“I call it ‘the gift of Frank,’” Waldron says of the unusual structure. On one hand, the gift is the money Ferguson’s benefactors will receive. But company management and employees also benefit because the arrangement frees the firm from pressure from investors centered on quarterly earnings. Waldron says the new corporate structure has allowed him to recruit top-notch talent by assuring them that they won’t be subject to the sorts of dislocations that are increasingly common in the world of public-traded companies, where mergers and acquisitions and regular turnover of top management have become more the rule than the exception.

The number of employees has risen from 100 to 270. Waldron says his recruiting pitch is, “I am focused on the long-term, this company is not for sale or answerable to shareholders. We are only about the work.”

The plan has paid off spectacularly. The company has been able to navigate the tricky transition in education publishing from print to digital products with great results, rolling out a very successful online assessment tool that allows teachers to gauge exactly the areas where individual students are thriving and where they are struggling and need special attention.

Company sales have soared from $26 million in 2008 to $69 million last year, and the firm has grown from 100 employees to 270.

“Their growth has been great,” says Deborah Quazzo, founder and managing partner of GSV Advisors, a Chicago-based firm that tracks the education and business services sector. Quazzo agrees that a key has been the firm’s ability to recruit people who understood “the destiny of the business” and who knew “they weren’t going to get RIFed” —shorthand for corporate downsizing through a “reduction in force.”

If the company restructuring is unusual, so, too, in this day and age is Waldron’s contract, in which he gains a stake in the company that only fully vests if he stays for its full 20-year term. He has been told he may be the first Harvard Business School graduate to ever sign such a long-term employment agreement.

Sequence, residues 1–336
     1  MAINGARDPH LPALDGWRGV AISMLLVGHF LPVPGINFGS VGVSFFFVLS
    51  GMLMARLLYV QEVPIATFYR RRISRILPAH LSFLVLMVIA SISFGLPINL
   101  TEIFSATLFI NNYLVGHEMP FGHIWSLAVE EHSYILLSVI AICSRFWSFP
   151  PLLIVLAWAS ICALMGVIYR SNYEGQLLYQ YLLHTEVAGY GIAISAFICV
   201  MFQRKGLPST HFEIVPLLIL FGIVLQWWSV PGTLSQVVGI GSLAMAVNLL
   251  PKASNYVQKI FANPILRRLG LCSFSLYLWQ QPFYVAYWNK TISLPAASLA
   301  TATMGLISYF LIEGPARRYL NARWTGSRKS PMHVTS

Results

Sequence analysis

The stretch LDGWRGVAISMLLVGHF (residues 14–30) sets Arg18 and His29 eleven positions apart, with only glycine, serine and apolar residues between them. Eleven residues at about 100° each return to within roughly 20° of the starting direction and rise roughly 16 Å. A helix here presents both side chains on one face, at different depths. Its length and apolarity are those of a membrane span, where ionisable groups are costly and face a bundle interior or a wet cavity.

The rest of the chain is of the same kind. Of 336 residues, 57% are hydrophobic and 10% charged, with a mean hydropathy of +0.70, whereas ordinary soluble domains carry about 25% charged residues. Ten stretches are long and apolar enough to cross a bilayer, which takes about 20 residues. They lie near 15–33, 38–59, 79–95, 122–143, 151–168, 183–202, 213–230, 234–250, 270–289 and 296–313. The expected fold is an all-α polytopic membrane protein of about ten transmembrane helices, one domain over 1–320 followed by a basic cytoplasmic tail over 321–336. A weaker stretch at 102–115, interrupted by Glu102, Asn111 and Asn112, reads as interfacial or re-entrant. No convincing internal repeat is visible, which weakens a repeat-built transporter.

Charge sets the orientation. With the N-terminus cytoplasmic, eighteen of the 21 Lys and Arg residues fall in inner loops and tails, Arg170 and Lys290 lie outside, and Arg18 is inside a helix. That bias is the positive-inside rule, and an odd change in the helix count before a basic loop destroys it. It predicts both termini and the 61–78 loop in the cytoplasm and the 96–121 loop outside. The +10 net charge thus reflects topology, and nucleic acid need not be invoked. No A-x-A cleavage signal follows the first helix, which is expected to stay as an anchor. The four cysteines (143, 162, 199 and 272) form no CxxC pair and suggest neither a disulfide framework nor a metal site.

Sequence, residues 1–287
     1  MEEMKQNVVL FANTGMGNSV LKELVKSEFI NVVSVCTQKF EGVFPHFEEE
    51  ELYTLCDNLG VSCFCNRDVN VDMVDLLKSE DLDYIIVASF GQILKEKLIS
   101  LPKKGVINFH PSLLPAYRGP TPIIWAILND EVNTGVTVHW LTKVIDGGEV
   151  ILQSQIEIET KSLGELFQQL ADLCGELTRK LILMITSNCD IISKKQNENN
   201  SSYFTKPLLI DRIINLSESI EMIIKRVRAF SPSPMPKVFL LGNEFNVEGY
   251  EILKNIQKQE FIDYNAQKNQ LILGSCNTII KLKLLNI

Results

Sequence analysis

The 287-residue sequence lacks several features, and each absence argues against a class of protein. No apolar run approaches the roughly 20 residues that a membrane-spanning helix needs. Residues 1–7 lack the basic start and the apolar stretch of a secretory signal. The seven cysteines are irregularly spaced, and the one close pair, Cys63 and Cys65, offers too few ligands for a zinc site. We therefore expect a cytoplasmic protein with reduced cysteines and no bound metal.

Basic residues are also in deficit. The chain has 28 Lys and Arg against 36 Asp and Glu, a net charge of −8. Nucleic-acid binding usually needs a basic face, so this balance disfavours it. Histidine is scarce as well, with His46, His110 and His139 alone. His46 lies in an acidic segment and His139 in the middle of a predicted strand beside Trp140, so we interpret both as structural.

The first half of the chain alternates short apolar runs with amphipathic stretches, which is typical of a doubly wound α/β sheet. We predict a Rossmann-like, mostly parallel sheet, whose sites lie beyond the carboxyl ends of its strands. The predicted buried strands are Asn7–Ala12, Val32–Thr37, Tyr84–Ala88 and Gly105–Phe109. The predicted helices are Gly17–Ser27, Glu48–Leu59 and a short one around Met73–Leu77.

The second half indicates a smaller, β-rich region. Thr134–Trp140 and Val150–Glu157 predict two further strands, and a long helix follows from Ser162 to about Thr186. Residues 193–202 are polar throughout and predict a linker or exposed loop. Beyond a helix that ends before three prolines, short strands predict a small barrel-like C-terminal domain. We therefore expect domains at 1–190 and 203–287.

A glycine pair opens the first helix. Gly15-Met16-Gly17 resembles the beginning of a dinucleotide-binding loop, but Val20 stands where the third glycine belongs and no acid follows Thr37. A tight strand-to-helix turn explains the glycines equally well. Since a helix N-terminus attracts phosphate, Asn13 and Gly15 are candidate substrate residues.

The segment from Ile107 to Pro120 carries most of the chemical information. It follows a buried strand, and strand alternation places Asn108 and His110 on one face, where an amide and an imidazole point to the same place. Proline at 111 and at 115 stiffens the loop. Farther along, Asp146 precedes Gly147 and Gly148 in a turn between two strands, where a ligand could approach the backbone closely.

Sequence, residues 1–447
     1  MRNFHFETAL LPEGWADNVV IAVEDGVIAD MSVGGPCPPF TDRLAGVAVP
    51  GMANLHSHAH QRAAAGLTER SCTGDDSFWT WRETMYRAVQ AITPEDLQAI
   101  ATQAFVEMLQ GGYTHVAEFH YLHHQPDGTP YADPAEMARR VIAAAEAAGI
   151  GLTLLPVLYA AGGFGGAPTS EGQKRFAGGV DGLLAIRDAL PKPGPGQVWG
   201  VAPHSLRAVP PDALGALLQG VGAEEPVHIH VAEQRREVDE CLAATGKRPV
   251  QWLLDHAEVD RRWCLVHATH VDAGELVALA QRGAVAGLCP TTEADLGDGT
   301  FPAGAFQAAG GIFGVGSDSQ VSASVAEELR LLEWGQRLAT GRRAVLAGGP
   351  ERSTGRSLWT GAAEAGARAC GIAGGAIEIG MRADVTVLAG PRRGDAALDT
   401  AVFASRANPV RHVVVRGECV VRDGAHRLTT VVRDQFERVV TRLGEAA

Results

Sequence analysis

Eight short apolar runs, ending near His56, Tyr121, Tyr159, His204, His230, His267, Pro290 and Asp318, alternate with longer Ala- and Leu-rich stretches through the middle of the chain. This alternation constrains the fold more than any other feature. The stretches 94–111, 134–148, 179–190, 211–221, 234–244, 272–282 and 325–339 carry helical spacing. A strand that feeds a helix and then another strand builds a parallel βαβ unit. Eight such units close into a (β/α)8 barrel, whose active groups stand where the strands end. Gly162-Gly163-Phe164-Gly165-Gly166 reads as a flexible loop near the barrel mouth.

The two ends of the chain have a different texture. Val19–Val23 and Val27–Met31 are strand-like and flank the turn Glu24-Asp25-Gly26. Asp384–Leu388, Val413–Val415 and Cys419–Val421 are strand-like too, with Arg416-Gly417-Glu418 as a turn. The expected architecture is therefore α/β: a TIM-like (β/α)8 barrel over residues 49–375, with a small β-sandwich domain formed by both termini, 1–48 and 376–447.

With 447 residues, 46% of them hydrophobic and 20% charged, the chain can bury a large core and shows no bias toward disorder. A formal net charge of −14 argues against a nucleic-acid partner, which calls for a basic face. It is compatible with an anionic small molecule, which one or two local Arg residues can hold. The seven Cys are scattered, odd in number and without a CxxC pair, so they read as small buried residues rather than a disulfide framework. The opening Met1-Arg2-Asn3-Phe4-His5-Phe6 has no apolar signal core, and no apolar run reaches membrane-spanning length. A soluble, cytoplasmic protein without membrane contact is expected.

“They think I’m crazy,” Waldron says of the reaction of his fellow business school grads. While staying with one company for a career may have been common 40 or 50 years ago, the ethos of today’s corporate captains is to quickly drive up earnings and cash in, while hopscotching from one company to the next.

Waldron worked for 10 years as a top executive at Kaplan, the Washington Post Co.-owned education firm. He then served for four years as CEO of the Boston-based nonprofit Jumpstart, which focuses on early childhood education.

When he left Jumpstart, he spent two years prior to arriving at Curriculum Associates at a Boston private equity firm. “They pay you ridiculous sums of money,” he says. “It is very lucrative—and totally soulless.” For some of that time he served as president of a $135 million luxury bath retailer the private equity firm acquired. “I was really miserable,” he says. “I just can’t get passionate about luxury plumbing supplies.”

Waldron, 49, says his growing aversion to traditional corporate life may have been seeded at Kaplan, where he observed the leadership style of Don Graham, then CEO of the parent Washington Post Co. Graham is well known for his principled approach to corporate decision-making. “He was a great model to me of who I want to be,” says Waldron.

“Rob comes out of a world where we have long-term plans,” says Alan Spoon, an investor at Waltham-based Polaris Partners who was president of the Washington Post Co. during that time.

Waldron thinks society goes too easy on corporate leaders, while blaming Congress and other political leaders too much for unemployment or other problems. “We don’t blame CEOs enough,” he says. “What would happen if every CEO acted with integrity and responsibility? They have so much responsibility for the livelihood of people and often so much more immediate impact than government.”